Honeyeaters and Their Winter Food Plants on Granite Rocks in the Central Wheatbelt of Western Australia.
Australian Wildlife Research
8(1) 187 - 197
In the winters of 1978 and 1979 at 32 granite rocks in the central wheatbelt of Western Australia 11 honeyeater species were encountered. Brown honeyeaters Lichmera indistincta were the most widespread and locally common; white-fronted honeyeaters Phylidonyris albifrons and New Holland honeyeaters P. novaehollandiae were also locally common. Red wattlebirds Anthochaera carunculata and spiny-cheeked honeyeaters A. rufogularis, the largest species seen, were very few on the rocks where they occurred. A number of the dominant shrubs and mallees in the vegetation fringing granite rocks, including species of Calothamnus, Eucalyptus (Myrtaceae), Grevillea and Hakea (Proteaceae), constituted the winter food plants of, and appeared to be pollinated by, the honeyeaters. The possible advantages of bird pollination to these plants are briefly considered.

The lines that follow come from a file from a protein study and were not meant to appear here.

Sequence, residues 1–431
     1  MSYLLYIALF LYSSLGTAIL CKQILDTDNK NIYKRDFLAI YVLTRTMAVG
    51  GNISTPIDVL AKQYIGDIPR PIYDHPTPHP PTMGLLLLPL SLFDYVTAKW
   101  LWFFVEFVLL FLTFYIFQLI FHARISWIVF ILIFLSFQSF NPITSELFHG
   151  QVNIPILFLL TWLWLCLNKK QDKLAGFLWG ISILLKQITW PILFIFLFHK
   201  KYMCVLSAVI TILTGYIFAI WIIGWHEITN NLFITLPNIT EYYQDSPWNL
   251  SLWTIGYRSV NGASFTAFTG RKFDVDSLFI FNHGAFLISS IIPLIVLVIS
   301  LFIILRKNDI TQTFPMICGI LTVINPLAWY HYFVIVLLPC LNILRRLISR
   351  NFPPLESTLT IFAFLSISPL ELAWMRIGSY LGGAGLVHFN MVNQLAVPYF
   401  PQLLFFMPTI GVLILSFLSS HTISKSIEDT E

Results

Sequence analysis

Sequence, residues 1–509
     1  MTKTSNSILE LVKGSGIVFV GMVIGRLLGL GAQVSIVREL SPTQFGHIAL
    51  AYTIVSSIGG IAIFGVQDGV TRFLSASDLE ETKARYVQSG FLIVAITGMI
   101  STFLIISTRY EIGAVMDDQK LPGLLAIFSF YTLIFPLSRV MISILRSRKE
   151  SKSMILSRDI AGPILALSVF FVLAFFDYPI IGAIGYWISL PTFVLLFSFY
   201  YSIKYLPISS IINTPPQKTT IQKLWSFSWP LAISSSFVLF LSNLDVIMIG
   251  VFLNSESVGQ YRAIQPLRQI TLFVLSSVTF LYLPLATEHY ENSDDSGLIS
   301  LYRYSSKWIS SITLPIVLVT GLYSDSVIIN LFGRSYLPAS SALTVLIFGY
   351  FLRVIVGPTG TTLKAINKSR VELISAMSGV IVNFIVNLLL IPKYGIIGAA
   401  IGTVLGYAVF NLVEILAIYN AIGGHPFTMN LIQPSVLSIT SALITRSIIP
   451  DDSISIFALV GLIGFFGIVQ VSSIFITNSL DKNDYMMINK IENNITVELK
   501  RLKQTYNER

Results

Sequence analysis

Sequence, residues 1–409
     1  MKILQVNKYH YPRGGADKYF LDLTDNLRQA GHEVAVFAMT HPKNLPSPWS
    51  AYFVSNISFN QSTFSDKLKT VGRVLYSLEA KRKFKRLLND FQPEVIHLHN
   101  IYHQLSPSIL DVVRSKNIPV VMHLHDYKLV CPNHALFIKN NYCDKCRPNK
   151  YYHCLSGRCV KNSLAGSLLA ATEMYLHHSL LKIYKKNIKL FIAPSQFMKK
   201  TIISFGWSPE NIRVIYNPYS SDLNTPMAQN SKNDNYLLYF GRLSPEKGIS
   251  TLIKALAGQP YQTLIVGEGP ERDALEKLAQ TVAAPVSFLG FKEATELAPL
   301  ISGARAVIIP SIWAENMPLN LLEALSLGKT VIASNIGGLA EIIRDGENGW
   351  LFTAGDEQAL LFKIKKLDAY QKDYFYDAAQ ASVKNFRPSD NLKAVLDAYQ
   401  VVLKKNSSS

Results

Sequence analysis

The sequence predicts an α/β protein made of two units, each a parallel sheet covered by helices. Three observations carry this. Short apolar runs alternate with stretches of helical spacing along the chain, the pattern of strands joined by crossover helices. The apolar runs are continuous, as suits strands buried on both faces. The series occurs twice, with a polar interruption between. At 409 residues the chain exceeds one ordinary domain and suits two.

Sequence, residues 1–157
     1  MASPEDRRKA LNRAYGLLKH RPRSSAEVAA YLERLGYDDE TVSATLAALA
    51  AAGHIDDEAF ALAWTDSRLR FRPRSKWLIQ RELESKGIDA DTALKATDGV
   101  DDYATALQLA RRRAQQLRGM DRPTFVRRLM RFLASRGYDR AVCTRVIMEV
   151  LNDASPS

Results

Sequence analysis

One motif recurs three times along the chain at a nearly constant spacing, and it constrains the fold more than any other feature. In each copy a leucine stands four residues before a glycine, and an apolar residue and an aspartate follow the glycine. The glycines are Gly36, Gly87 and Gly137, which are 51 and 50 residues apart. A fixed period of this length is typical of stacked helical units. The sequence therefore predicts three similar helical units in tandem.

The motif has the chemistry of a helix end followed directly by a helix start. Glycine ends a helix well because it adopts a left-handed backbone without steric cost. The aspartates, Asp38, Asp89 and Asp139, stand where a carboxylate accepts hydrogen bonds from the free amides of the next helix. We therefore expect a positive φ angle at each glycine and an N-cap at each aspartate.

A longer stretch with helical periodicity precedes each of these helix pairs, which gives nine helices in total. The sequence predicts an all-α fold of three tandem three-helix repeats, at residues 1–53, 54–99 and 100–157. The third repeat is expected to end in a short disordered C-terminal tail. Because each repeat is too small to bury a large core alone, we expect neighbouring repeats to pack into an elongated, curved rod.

Full text doi:10.1071/WR9810187
© CSIRO 1981